Tribunals continue to cost State millions


Fifteen years after they were established and hundreds of thousands of pages of evidence later, the Mahon and Moriarty tribunals are continuing to cost the State tens of millions in legal fees.

To date the Mahon inquiry into planning corruption has cost at least €110 million, including the third-party claims and the fees paid to tribunal lawyers.

Tribunal chairman Justice Alan Mahon has told the Government the final cost may be about €247 million.

The bulk of the remaining costs are likely to be taken up with settlements on third-party legal feels.

A total of almost €10 million has been paid out so far to legal teams representing parties involved in the earlier stages of the tribunal’s work, when it investigated a number of corrupt payments made to former minister Ray Burke.

Legal costs for the later stages of the tribunal dealing with the allegations of developer Tom Gilmartin and lobbyist Frank Dunlop have yet to be determined but are expected to run into hundreds of millions of euro.

The legal team representing whistleblower James Gogarty, who first revealed a corrupt payoff to Burke, topped the list with costs of more than €3.5 million.

RTÉ settled the largest corporate claim, at just more than €1 million. The State broadcaster gave evidence surrounding the tribunal’s investigation into a £35,000 contribution made by Century Radio co-founder Oliver Barry to Ray Burke before the 1989 general election.

Fianna Fáil costs

Fianna Fáil has been paid more than €480,000 in legal costs relating to the planning inquiry. This is despite the fact that 21 of its members were criticised in the final report of the Mahon tribunal.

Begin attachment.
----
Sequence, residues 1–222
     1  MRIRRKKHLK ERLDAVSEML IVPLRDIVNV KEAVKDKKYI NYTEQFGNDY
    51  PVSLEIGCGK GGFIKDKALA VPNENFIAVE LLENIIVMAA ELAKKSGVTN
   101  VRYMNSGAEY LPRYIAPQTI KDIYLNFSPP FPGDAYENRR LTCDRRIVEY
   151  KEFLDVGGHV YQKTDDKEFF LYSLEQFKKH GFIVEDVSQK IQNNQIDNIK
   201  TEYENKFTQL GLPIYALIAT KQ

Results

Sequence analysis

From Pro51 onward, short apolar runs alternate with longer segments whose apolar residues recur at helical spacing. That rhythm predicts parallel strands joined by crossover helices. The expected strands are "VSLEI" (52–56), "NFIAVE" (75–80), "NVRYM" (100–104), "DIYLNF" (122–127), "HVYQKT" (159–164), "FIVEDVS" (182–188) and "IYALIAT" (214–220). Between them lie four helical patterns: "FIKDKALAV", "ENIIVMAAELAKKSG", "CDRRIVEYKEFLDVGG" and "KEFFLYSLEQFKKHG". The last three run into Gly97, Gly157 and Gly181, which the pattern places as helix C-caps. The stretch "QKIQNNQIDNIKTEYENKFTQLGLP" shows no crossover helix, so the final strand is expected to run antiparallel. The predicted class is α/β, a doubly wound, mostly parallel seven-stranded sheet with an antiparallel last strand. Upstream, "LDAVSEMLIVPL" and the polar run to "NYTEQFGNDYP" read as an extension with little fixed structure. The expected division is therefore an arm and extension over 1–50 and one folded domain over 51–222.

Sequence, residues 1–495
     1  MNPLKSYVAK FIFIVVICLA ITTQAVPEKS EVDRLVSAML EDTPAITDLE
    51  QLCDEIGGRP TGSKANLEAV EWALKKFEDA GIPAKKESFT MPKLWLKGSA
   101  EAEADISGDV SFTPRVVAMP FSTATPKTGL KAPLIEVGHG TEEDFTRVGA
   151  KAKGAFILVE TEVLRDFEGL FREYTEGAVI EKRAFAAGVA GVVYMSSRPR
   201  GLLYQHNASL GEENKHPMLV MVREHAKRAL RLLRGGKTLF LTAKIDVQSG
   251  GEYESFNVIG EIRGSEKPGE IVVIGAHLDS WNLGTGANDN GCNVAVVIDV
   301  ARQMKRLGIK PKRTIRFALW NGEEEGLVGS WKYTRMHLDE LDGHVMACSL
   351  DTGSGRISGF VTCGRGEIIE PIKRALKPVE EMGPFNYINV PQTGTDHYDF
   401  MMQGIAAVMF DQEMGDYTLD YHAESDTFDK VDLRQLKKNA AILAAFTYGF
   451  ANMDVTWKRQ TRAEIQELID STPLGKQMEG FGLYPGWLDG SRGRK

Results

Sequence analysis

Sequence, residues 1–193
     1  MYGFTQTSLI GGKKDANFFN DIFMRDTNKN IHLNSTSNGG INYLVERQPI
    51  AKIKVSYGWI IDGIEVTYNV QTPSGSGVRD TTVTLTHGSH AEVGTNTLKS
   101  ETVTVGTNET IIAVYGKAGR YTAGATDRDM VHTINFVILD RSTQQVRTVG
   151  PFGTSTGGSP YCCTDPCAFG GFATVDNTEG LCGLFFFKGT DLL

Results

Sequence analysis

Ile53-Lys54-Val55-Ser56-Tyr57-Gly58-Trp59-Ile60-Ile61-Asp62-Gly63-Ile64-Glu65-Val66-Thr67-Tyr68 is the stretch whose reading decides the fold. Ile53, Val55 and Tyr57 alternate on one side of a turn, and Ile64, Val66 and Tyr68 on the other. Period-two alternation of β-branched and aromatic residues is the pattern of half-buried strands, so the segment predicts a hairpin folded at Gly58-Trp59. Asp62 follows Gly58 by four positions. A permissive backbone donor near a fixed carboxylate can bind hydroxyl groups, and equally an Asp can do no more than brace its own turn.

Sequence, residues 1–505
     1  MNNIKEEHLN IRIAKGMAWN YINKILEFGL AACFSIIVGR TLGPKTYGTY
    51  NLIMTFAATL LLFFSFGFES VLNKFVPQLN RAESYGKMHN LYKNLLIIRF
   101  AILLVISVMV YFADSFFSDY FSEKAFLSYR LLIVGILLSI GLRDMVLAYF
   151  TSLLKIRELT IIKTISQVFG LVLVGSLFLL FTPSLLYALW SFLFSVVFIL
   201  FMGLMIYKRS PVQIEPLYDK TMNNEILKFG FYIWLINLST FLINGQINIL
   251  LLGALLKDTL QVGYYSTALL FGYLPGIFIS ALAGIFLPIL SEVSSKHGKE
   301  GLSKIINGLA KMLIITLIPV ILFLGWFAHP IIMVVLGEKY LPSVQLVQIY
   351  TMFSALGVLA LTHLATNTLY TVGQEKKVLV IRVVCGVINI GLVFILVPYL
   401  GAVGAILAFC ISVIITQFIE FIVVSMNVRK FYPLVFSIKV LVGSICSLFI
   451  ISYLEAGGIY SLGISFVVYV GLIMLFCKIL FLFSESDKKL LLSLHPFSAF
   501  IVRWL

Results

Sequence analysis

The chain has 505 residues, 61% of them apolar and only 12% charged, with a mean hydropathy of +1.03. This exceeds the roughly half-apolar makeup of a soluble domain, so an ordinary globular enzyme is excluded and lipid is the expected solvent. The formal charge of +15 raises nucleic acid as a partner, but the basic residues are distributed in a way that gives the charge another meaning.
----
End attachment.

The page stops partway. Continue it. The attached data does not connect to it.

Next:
Many of these legal bills have been significantly discounted following a lengthy process for the processing of third-party costs.

The Chief State Solicitor’s Office (CSSO) has engaged Fitzpatrick Legal Costs Accountants to negotiate recent bills at a cost of €200 per hour.

The CSSO said that while it has junior staff engaged in legal accounting, they are unable to adjudicate directly on third-party costs because of “pressure of other work”, internal documents show.

The Mahon tribunal’s internal legal team has also come at a high price, clocking up costs of almost €50 million.

The biggest earners between 1997 and 2012 include Patricia Dillon SC (€5.56 million), Patrick Quinn SC (€5.3 million), Desmond O’Neill SC (€5.2 million), Eunice O’Raw (€4.2 million) and John Gallagher SC (€3.2 million).

Moriarty tribunal costs

The Moriarty tribunal has accumulated costs of about €35 million so far.

Third-party costs are likely to see the overall bill for the tribunal swell significantly to at least €100 million.

To date, just €500,000 has been paid in third-party legal bills.

However, the legal bills for businessman Denis O’Brien and former Fine Gael minister Michael Lowry have yet to be officially processed.

Their combined claims are expected to be in the region of €25 million.

Most of the tribunal’s costs to date have gone on lawyers working for it. Jerry Healy SC has received the highest sum so far (€9.6 million), followed by John Coughlan SC (€9.3 million) and Jacqueline O’Brien SC (€6.9 million).

The combined final bill for both tribunals is difficult to predict with any certainty. What is more certain is that it will take several more years, and many millions more in legal feels, before it is finally settled.